In this period when fish first head offshore it can be a good time to target deeper brush, particularly brush in 15-20 feet of water that rises at least 6-8 feet off the bottom. Texas rigged worms are the best option around this stuff. Up the river fish can also be caught shallow flipping jigs in stained water around docks. For the next few months getting a bite after 10 or 11 in the morning may be tough.

More proof that fish are getting into a summer pattern comes from the striped bass, which Captain Brad Taylor (803-331-1354) reports are getting into a summer pattern. Fish are scattered out about 50-60 feet deep on the main lake, and anglers need to be willing to spend some time searching to find them. Almost all of the catches are coming on down-lines with herring. There has been a little bit of schooling action but it is winding down.

Crappie fishing has been a little slow, and Brad reports that the few fish that are being caught are around brush in 15-20 feet in the middle part of the lake. However, since the recent rains the action has slowed for crappie.

On the catfish front, Captain William Attaway (803-924-0857) reports that it can be a tough time to catch bigger channel catfish on Lake Murray as in many parts of the lake the fish are in the midst of the spawn. While the catch is smaller the basic pattern remains the same in the daytime and at night, with fish around secondary points, humps, and back in coves. The best depth range during the day is 25-35 feet. At night fish will be in 1-15 feet of water around fallen timber and riprap. While you can catch probably catch bigger fish on cut bait, you have to deal with the gar and turtles and so William's preferred bait right now is dip bait. Sonny's Super Sticky is his personal favorite.

Lake Wateree (Updated June 9)

Lake Wateree is high at 97.6 percent of full pool, with the lower end fairly clear for Lake Wateree but the upper end stained although not muddy. Water temperatures are around 80 degrees.

The bass fishing on Lake Wateree has been pretty good recently, and a few weeks ago tournament angler Dearal Rodgers of Camden reports that the best action was flipping shallow cover. There was also a pretty good bite around docks, particularly when the bream spawn was hot (it may fire up again). However, ever since water levels rose significantly and then stayed up the grass bite has been the key. For Dearal fish haven’t been wanting to eat topwaters fished above the grass, but a Zoom Speed Worm or jig swam through the grass has been working well. When there is a little wind they will eat a spinnerbait. There are some fish out deep already but more should head out there once water temperatures rise a few more degrees.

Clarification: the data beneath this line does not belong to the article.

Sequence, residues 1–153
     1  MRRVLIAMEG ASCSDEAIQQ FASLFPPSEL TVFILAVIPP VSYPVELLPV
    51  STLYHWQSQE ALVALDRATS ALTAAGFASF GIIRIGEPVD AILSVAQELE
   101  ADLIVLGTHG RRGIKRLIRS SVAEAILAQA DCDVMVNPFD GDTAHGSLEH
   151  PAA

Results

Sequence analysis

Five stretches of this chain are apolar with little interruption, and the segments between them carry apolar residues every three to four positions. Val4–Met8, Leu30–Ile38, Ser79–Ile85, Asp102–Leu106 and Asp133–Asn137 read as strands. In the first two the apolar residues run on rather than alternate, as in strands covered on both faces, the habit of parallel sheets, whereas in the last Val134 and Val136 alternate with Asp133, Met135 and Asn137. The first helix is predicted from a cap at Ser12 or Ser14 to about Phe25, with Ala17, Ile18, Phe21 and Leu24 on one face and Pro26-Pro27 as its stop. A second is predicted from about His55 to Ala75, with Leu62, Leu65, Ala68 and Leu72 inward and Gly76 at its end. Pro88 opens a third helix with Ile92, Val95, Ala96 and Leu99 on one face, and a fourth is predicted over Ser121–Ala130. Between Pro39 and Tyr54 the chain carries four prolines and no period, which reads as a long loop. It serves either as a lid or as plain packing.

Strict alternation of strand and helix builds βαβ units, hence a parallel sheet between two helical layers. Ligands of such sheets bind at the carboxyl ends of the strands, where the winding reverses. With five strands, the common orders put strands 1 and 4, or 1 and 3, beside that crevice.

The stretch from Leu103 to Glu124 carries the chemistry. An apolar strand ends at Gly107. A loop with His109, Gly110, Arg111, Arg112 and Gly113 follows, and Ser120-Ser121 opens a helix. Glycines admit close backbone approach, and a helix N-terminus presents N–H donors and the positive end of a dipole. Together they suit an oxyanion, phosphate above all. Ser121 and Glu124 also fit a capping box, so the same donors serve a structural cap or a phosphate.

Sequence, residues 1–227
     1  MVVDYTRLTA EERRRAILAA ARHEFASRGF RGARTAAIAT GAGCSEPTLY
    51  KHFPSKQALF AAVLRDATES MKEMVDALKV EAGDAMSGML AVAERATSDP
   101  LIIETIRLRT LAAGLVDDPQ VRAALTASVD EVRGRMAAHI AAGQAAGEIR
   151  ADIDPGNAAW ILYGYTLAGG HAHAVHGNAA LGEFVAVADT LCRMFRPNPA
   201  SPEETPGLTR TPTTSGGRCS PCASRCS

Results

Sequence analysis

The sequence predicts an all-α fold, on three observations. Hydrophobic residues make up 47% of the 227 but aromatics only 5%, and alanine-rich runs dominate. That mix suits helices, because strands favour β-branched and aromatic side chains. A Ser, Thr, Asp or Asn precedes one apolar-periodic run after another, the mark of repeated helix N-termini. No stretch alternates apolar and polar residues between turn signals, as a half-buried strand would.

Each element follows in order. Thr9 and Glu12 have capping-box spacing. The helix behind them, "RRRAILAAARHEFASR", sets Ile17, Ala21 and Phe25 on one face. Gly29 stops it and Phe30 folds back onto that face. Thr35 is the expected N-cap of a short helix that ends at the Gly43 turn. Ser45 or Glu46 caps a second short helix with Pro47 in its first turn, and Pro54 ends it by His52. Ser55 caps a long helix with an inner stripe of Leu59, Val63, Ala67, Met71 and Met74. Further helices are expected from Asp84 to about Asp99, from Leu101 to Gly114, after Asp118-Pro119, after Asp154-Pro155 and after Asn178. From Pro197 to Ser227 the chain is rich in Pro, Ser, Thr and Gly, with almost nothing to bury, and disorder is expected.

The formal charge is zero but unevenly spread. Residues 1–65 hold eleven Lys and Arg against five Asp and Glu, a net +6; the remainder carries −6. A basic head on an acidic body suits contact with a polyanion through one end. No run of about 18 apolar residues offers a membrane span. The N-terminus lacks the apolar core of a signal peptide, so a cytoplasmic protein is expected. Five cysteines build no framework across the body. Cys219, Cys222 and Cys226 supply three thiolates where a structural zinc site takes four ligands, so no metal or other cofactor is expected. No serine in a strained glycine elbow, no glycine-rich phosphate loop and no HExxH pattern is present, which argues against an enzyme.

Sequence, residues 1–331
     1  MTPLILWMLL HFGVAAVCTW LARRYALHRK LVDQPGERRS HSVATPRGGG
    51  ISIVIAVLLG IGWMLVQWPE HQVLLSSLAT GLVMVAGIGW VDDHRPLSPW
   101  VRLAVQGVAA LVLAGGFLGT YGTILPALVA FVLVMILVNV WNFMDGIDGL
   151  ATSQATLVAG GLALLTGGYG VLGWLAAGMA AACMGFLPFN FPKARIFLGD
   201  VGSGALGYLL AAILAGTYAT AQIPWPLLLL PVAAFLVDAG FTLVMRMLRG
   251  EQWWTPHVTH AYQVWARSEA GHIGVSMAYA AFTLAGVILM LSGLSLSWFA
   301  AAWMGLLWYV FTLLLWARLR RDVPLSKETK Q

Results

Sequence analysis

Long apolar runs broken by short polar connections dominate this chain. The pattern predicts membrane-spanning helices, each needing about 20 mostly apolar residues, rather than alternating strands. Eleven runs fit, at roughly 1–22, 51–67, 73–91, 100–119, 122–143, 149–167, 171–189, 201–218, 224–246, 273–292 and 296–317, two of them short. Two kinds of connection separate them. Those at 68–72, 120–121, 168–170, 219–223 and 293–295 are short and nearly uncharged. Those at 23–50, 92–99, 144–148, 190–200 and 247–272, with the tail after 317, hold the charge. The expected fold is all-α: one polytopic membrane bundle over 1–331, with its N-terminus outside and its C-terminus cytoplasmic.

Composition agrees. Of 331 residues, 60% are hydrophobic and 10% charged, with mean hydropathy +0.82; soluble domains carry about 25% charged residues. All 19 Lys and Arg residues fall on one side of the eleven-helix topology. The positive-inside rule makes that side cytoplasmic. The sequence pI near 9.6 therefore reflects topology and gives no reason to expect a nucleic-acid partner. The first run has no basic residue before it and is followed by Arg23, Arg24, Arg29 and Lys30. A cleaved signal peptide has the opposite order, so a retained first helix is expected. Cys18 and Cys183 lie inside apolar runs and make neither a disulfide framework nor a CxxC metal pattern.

On the crappie front veteran tournament angler Will Hinson of Cassatt reports that fish have moved into a pretty typical summer pattern. That means they can be found around brush, although at this stage of the season it’s only the 12-18 foot brush instead of the very deep stuff they will be on later. Early in the morning they are on top of the brush, and as the sun comes up they sink down in. Fish Stalker Ugly Green, pearl white and blue and white jigs have been working. Fish can be found around brush pretty much over the entire lake – as long as you stick to the main lake. While there may be some fish at the mouths of creeks where they join up with the river you don’t want to go any further back than that. There are also some fish being caught around the bridges.

Santee Cooper System (Updated June 9)

Santee Cooper water levels are at 75.68 in Lake Marion (full pool is 76.8) and 75.46 in Lake Moultrie (full pool is 75.5). Water temperatures are around 78 degrees and the water is high and dingy.

As anticipated Captain Steve English (843-729-4044) reports that the catfish bite in the Diversion Canal is strong. There’s a lot of water running through the canal, and as a result the fish are stacking up in there. The best pattern is drifting down the center of the canal (while dodging boats) on the bottom in about 27 feet of water, and a variety of cut baits are working well. There is also a pretty good night bite.

Meanwhile, crappie fishing has gotten tough. Steve says that you can pick up a few fish but overall it is slow. It’s easy to catch bream over brush right now, but Steve says that most of them are small. There will be fish up shallow bedding with the full moon, but due to water conditions it can be a little tough to spot them.

Bass fishing can be pretty good right now if you know offshore spots, as the period when you could catch a bunch of fish shallow is definitely over. In the tournament recently, several boats had limits in the mid to high-20s, but they were catching these fish out of deep water.

Mountains Area

Lake Jocassee (Updated June 9)